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Monday, 29 October 2012
Page: 12193


Mr PERRETT (Moreton) (11:59): On behalf of the Standing Committee on Social Policy and Legal Affairs, I seek leave to make a statement on the Crimes Legislation Amendment (Serious Drugs, Identity Crime and Other Measures) Bill 2012 and the Freedom of Information Amendment (Parliamentary Budget Office) Bill 2012, in discharge of the committee's requirement to provide an advisory report on the bills, and to present a copy of my statement.

Leave granted.

Mr PERRETT: The Social Policy and Legal Affairs Committee considers it has made a valuable contribution in examining several bills over the course of this parliament. The committee supports the opportunity for House committees to scrutinise bills and on several previous occasions has made comment aiming to improve the process of referral and opportunities for committees to add value to bill scrutiny. Accordingly, the committee takes the opportunity to register its concern regarding the appropriateness of the committees to which certain bills have been referred. If the aim of a referral is to ensure that genuine and effective scrutiny is given to a bill then this committee respectfully suggests that the process of determining the most appropriate committee to scrutinise a bill lacks rigour and sufficient understanding of the various committees and their functions.

The committee is anxious to ensure that the process of bills referrals operates effectively and that the Selection Committee has the most accurate advice to hand when determining the appropriate committee to which to refer a bill for scrutiny. Regretfully, this does not appear to be the case at all times, as demonstrated by the referral of these two bills to the Social Policy and Legal Affairs Committee—namely, the Freedom of Information Amendment (Parliamentary Budget Office) Bill 2012 and the Crimes Legislation Amendment (Serious Drugs, Identity Crime and Other Measures) Bill 2012.

The Freedom of Information Amendment (Parliamentary Budget Office) Bill 2012 seeks to confirm that documents and requests of the Parliamentary Budget Office, the PBO, which may be held elsewhere are exempt from the Freedom of Information Act in line with the exemptions already provided to the PBO. The PBO was incorporated in legislation through a recent amendment to the Parliamentary Services Act 1999, which designates the Joint Standing Committee of Public Accounts and Audit as the oversight body. This oversight role of the public accounts committee includes considering the operations and resources of the PBO in reporting to parliament on relevant matters relating to the PBO. As such, the Social Policy and Legal Affairs Committee considers that it is more appropriate for the designated oversight public accounts committee to inquire into this bill which affects the operation of the PBO in relation to freedom of information.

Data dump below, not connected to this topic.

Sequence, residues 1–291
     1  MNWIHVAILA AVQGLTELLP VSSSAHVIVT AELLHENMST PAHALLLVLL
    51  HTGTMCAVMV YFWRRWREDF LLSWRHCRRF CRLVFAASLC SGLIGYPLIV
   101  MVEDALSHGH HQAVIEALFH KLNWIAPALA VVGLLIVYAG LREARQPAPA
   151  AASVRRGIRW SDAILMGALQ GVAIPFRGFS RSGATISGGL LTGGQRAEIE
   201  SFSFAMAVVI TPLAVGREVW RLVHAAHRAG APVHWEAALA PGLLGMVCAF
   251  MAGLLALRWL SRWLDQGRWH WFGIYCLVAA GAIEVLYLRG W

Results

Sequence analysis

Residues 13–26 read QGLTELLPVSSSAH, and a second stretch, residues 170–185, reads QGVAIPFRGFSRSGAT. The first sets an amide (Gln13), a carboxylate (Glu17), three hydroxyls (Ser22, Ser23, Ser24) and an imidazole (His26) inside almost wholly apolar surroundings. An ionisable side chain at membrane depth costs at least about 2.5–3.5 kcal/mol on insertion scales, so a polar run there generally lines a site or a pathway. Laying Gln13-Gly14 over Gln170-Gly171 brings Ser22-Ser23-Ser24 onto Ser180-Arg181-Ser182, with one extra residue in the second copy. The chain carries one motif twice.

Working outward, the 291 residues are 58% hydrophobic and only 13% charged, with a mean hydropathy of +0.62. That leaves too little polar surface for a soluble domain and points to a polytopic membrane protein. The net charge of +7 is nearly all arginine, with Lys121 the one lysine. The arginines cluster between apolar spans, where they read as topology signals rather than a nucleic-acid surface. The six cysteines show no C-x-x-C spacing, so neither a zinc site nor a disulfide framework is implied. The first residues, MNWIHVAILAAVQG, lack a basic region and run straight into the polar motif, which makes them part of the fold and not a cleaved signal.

Similarly, the areas referred for scrutiny in the Crimes Legislation Amendment (Serious Drugs, Identity Crime and Other Measures) Bill 2012 are within the oversight of another committee. The Selection Committee referral for this bill specifically requests scrutiny of the creation of new offences in the bill. These new offences are outlined in schedule 2 of the bill as the use of the internet or mobile phones to procure identity information or book travel under false identities.

The Joint Select Committee on Cyber-Safety was established in the 43rd Parliament by a resolution of appointment tasking it with inquiring into and reporting on cybersafety threats, including identity theft and Australian and international safeguards and responses. The cybersafety committee was formed in this parliament specifically in order to inquire into issues around cybersafety, including identity crime. I know that because I am on that committee. Accordingly, it is the view of the Social Policy and Legal Affairs Committee that the cybersafety committee would be better placed to conduct an inquiry into this bill given its expertise in this area.

In addition, the committee notes that both bills have been referred to the Senate Legal and Constitutional Affairs Legislation Committee, which is due to report on 19 November. Should the House seek further scrutiny of the bills, it is suggested that they be referred to the committees with oversight of these matters.